My view on the proposal to open the closed zone to experimental long line fishing.
Keeping an open mind and struggling to understand the thought process behind this opening is where I'm at.
After viewing the CNN film segment starring the individuals applying for this longline opening I am baffled. The wholsale fish company and lead scientist for this new experiment not only admit that buoy fishing for swordfish is the way of the future but admit outright that longline fishing yields bycatch, undersized discarded dead swordfish, sea turtles and other mammal interaction. These individuals have gone so far as to travel to other countries to teach this clean environmentally conscious commercial buoy method. They stated that long line fishing needed a new face like the heavily monitored buoy gear which has proved to be a clean fishery.
Now these same individuals want to want to set longline gear in the closed zone? It makes no sense. Even after making changes to some of their long line gear type the bycatch, turtle catch, mortality of undersized swordfish and mammal interaction is guaranteed.
So why would they do this? The answer is money. The project will be funded through a grant and by the fish wholesaler. The wholesaler reaps the rewards of his catch in the closed zone which just happens to be located close to his headquarters and the scientist gets funded by possibly both the grant and the fish wholesaler. I am all for people making a living but not at the expense of our future.
The applicants for this experiment seem to believe that due to the location of this closed area there will be no effect on recreational and buoy gear anglers to the north or south of this area. The experimental zone located to our north means nothing to a highly migratory fish which swims north and south through the zone. The thought process of these applicants that fishing 100 miles to our north will have no effect on our fisheries is so far off base. Being a fishermen connected worldwide I can tell you that the push of a migratory fish is regimented and is only swayed by bait, current, reproduction and time. Fishing 4,500 hooks every night for a possible 3 years in this closed zone which is the plan will provide great catches or failure based on the migratory cycle of the swordfish.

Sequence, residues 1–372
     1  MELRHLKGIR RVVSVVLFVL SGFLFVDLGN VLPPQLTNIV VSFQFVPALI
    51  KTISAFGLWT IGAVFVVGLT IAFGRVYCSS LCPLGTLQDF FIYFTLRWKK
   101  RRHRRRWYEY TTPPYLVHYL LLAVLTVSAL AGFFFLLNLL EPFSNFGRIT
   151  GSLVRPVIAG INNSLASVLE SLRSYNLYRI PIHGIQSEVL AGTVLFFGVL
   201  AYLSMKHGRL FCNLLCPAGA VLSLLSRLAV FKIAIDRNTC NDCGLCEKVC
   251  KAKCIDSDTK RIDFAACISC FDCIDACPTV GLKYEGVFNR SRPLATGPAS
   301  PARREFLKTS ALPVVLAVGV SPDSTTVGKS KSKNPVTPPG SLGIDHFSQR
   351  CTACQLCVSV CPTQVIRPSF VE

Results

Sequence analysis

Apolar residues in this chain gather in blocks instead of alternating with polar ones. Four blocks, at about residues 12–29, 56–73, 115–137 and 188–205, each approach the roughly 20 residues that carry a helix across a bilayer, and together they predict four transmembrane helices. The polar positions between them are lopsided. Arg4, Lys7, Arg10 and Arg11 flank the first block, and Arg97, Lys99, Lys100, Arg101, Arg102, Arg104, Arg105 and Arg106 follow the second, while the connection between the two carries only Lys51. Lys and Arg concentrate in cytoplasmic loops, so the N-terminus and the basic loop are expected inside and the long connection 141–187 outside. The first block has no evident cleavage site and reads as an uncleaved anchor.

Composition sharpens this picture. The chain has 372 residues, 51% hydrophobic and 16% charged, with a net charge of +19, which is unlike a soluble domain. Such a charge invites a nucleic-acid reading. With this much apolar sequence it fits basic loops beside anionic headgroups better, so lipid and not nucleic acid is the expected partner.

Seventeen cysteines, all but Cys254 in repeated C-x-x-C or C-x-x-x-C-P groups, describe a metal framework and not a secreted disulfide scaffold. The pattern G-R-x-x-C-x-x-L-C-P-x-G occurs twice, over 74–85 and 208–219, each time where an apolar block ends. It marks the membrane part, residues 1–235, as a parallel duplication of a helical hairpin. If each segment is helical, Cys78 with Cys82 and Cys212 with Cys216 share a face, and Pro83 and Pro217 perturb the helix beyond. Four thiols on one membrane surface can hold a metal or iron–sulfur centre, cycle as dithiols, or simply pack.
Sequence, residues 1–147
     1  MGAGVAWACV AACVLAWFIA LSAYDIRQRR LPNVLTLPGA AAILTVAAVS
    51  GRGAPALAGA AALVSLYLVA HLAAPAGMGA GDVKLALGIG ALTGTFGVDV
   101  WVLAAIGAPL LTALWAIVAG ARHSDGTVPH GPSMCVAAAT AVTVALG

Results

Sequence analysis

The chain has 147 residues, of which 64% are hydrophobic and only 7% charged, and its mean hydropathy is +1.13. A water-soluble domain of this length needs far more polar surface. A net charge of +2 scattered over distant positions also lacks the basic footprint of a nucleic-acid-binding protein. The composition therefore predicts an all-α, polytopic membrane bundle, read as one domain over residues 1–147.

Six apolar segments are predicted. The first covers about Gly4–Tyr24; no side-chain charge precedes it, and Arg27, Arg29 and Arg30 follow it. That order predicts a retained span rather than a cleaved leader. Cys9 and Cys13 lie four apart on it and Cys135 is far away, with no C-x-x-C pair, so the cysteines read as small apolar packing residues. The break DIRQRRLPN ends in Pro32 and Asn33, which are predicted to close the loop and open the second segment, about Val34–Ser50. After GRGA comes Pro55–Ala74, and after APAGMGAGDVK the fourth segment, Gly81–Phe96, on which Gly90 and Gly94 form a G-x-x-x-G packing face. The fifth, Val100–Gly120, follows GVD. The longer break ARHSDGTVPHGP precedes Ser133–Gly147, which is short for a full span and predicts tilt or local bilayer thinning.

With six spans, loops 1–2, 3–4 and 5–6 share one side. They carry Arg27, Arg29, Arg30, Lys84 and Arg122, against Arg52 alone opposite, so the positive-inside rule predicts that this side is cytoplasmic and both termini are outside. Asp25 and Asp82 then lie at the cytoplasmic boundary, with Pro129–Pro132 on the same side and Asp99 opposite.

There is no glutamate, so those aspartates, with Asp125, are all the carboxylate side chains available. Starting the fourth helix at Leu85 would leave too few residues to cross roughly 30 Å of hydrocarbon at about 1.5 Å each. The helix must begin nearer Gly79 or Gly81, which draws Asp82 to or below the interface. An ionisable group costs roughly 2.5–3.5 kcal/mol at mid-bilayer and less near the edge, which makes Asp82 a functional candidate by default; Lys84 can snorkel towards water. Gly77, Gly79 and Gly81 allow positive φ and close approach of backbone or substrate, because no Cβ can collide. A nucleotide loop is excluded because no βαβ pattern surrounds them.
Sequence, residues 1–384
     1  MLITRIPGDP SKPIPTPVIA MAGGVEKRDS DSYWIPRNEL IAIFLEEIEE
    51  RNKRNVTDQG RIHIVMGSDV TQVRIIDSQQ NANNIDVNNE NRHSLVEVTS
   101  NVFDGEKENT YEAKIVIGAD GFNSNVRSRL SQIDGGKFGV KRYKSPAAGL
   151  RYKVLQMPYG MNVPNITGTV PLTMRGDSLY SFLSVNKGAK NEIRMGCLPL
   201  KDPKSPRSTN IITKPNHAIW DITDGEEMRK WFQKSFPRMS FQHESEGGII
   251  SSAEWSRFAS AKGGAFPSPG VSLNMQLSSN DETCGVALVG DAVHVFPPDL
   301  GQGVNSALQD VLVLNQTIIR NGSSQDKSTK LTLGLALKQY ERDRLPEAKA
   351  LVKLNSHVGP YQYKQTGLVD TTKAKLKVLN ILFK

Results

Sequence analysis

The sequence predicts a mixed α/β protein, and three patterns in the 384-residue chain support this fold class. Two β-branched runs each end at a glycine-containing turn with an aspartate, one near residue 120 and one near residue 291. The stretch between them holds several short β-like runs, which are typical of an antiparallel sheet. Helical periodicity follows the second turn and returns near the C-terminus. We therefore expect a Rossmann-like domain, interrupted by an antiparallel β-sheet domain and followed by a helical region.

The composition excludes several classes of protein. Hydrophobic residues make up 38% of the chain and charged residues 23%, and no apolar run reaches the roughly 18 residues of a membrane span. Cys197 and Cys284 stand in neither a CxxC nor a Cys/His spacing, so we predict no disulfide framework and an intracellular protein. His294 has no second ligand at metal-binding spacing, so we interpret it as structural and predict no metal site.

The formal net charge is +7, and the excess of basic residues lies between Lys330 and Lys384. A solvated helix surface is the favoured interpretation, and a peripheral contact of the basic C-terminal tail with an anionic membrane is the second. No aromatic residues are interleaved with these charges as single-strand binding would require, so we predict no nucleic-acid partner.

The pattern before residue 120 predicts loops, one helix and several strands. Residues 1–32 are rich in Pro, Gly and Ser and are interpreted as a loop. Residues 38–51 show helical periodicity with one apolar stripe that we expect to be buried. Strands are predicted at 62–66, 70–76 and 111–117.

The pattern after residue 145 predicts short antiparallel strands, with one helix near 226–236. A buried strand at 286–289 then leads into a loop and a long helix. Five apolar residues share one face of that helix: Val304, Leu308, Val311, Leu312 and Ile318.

At this time the commercial longline fleets have diminished due to heavy regulations and restrictions. Our own government has made it so difficult for these guys to make a living fishing that the dream of running a longline boat in the US is no more. The existing longline skippers many who are friends of mine are aging men trying to find a way out by selling there boats and permits and they have been doing so for years. The longline fishery is a dying breed not to be replaced by future family.
If we allow this fishing in the closed zone and the catches are good then how is success judged? Our swordfish quota will never be caught or impacted due to these boats fishing. Furthermore, guys will not invest in permits, boats and gear with so many current restrictions. Good fishing or bad fishing in this closed treasure chest area and the possible extension of this experiment up to three years due to good fishing only insures this:
The one wholesaler and his fleet will prosper.
The scientist will pay his bills for the length of the study.
The clean buoy gear fishery and recreational fisheries north and south of this area will decline. The huge economic impact of recreational fishing which dwarfs modern day commercial fishing will suffer.
The mammals, turtles, dead discarded undersized swordfish and all other bycatch will will be lost forever.
Fishing this closed zone is a losing proposition on a grand scale regardless of what these boats catch.
My suggestion is to keep this area closed for the reasons you closed it in the first place. As for science and research grant an applicant the ability do a study on an already successful commercial buoy fishery as one has not been done since its inception. This will give you a clean assessment of the fishery as long as it is done correctly over time.
Whomever is reading this I truly want you to know that I keep an open mind when it comes to management and regulation. I believe I considered all aspects of this proposal and am educated enough on the topic to make an accurate assessment.
The sustainability of our fishery is my concern today and for the future.
Southeast Swordfish Club